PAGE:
What has this meant for markets?
• 10 yr UK Gilt curve shows the fear of tapering was greater than the reality
• 5 yr UK Gilt curve shows a different picture. Same tapering fear at the start of the year, but this has bounced back. 5 year curve reflects market IR expectations
• Portuguese 10 yr represents the rally in the EU government bond markets

Where are we today?
• Fed to finish tapering in Oct ’14, although first rate hike to be a while after
• Eurozone is on the brink of recession – no rate hikes for the foreseeable future
• BoE closest to a rate hike

Challenges and Opportunities ahead
• Transition from a market place driven by Central Bank liquidity, to one driven by fundamentals will not be smooth
• Yield curves are still positive sloping and steep, supporting roll down gains
• Certain markets (e.g. ABS / peripheral sov debt) to benefit from policy intervention

"Managing Through the Crisis"

David O'Loan, Head of Treasury Markets, RBS



What markets have had to deal with
• Coming into the crisis, banks had high leverage, low capital ratios and large amount of short term, wholesale debt
• Since 2007, weak economic recoveries and depressed collateral prices have led to higher loan losses
• The low rate environment has affected the profitability of banks

Response of RBS
• Balance sheet rationalisation
• Reduced risk and funding requirements by establishing ‘Non-Core’
• Enlarged and improved liquidity position – switch into high quality Gov bonds, full stress testing regime and high levels of cash

Incoming regulatory change
• The age of the ‘global mega-bank’ is under severe pressure, at the regulators behest
• Basel III and increased regulations have increased the cost of doing business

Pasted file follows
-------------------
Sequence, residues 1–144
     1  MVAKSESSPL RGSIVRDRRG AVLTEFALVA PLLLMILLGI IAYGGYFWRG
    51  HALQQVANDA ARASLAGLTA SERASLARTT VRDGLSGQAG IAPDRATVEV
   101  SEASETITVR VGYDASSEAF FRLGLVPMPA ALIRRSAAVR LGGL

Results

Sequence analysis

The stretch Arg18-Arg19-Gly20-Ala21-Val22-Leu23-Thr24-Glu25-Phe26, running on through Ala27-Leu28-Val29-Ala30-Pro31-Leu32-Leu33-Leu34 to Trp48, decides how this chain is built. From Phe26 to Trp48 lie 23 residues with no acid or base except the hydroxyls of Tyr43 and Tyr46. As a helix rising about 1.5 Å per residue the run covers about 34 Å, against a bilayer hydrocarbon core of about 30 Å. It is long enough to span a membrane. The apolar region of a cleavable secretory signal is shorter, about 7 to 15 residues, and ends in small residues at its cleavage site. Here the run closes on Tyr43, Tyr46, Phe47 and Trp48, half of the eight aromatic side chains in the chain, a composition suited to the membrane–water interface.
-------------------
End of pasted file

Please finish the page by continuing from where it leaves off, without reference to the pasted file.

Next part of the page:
• Capital quality has increased, balance sheets now comprised of high quality, low yielding, liquid assets, larger compliance functions, no proprietary trading and more transparent, vanilla products
• The market wants well capitalised banks, liquid balance sheets and sound credit risk policies

"The UK, Scotland and Sovereign Ratings"

 Douglas Renwick, Senior Director, Fitch Ratings



Rating a Sovereign
• Macroeconomic performance, structural characteristics of a country, external finances and fiscal policy are the main drivers for sovereign ratings
• Macroeconomic performance: credibility of the policy framework and a track record of macroeconomic stability
• Structural characteristics: financial / economic factors and “soft factors” e.g. payment record
• External finances: competitiveness and the external balance sheet
• Fiscal policy looks at expected growth, inflation etc. along with the currency, structure and level of public debt
• Default events can include voluntary debt exchanges

Rating implications of Scottish independence
• Structural issues: Scotland has a very similar GDP per capita to UK as a whole, but no recent Scottish track record as an independent sovereign
• UK currency union? Euro membership not a near-term option
• External finances: Oil & gas would provide lower external receipts for the UK (higher for Scotland)
• Who gets the Gilts? UK Gov to honour existing stock of debt. UK have large exposure to Scotland